Redesigning the Digital Innovation Capstone
What We Learned and How We're Adapting
Last semester I reconfigured the Digital Innovation Capstone course to start with a boot camp about human-centered design. It worked out well as students said they liked working through the IDEO design kit methods in class so they could gain a better understanding of these new concepts before embarking on their own projects.
In typical design-thinking style, I reviewed student feedback and my own contemporaneous notes to iterate on the process for this semester. In previous semesters, I had shifting student groups and projects and because of scheduling, I had to mix up the three main steps of inspiration, ideation and implementation.
This semester I have the same groups working together through all the major steps, with a more logical order to our exercises. It’s still a challenge to focus on learning about our audiences and stakeholders before we focus on a solution, but that’s why we go through this process: to become comfortable with discomfort.
The five groups in the class all worked from the same general challenge of “A digital media organization covering the SXSW festival,” but each group has come up with their own design challenge in that space. It’s been interesting to see those differences.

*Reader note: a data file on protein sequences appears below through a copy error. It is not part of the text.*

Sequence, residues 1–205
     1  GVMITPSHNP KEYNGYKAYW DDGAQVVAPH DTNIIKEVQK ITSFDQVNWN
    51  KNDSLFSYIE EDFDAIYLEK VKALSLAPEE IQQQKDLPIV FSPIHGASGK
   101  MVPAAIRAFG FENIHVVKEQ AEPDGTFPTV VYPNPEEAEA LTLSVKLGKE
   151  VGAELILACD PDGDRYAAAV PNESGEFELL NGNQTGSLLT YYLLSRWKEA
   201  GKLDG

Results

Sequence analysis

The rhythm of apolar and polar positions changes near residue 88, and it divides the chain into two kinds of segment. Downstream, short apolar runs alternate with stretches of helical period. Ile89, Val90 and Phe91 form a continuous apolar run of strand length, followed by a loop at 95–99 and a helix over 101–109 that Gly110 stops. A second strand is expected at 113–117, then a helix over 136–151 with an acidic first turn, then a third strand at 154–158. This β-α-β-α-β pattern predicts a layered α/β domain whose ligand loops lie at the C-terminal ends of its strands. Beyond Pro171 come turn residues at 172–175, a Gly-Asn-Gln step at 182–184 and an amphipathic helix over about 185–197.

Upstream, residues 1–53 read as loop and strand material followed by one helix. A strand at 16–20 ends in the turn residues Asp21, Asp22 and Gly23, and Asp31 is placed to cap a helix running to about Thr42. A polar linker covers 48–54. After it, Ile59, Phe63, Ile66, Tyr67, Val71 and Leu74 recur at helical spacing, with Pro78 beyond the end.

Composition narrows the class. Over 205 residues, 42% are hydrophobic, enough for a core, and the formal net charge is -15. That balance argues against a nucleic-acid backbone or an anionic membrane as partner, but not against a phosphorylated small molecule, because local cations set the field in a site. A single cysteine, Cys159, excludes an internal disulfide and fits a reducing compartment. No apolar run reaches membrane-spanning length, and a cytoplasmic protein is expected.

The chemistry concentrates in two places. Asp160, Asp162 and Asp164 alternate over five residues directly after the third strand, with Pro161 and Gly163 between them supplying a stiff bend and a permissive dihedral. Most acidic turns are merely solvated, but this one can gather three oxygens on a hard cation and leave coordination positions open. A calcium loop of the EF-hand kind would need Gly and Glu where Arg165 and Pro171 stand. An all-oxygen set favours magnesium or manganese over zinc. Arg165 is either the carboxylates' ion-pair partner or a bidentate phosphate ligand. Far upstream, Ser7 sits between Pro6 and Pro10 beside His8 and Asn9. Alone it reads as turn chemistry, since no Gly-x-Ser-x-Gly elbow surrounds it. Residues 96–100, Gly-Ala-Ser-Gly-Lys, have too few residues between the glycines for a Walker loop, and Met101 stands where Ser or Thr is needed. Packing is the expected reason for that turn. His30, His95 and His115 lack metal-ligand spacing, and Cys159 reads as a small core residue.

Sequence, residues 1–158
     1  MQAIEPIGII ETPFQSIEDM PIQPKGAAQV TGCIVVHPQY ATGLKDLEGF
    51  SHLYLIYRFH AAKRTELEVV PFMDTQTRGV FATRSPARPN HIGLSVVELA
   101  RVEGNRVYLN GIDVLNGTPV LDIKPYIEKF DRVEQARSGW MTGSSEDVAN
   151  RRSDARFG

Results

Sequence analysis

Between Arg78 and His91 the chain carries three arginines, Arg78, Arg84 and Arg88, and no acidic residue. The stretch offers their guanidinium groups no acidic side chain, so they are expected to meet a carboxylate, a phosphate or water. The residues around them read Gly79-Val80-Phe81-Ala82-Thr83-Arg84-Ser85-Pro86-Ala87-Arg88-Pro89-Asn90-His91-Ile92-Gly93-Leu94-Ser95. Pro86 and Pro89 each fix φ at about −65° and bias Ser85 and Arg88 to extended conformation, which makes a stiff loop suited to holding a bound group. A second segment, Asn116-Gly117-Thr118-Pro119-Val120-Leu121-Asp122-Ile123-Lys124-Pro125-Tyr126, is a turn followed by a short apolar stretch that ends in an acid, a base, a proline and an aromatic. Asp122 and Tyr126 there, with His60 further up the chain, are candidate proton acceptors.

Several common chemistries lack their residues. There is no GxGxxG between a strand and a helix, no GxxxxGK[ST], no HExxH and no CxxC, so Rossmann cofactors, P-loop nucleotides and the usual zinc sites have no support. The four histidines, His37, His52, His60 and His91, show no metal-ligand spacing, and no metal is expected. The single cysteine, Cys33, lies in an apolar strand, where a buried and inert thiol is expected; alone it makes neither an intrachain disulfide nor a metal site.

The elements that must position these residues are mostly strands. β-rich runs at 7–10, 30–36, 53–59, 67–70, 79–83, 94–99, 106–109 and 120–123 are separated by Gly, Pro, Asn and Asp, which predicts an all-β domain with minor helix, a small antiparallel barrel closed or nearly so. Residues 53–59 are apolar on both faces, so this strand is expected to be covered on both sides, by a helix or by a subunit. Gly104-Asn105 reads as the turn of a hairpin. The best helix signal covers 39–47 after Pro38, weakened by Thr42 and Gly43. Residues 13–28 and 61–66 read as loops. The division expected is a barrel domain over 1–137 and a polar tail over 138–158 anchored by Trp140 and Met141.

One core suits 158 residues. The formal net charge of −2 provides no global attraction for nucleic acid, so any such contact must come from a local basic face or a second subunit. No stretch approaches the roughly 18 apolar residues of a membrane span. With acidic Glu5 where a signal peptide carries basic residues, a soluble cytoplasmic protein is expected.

We had a great collection of guests help us in a field research simulation, posing as media organization members and conference attendees. Having these folks allowed students to ask probing questions about the needs and desires from two important perspectives, the “company” that is providing a service, and the “audience” for whom they are providing that service.
Representing “the media” we had:
- Robert Quigley, associate professor in the School of Journalism and media
- Gerald Johnson, director of Texas Student Media
- John Bridges, adjunct lecturer and former Austin American-Statesman editor.
As “attendees” we had:
- Katey Psencik Outka, associate director of The Drag and adjunct lecturer
- Rubén Cantú, assistant professor and executive director of the Office of Inclusive Innovation and Entrepreneurship
- Tyson Bird, digital strategies manager at Texas Highways Magazine
As of this writing, we are not quite done with the workshop, but I can tell the changes have been super helpful to the students. They’ve also had an opportunity to point out where things haven’t gone as well as they could have, which will bring more review and redesign for next semester.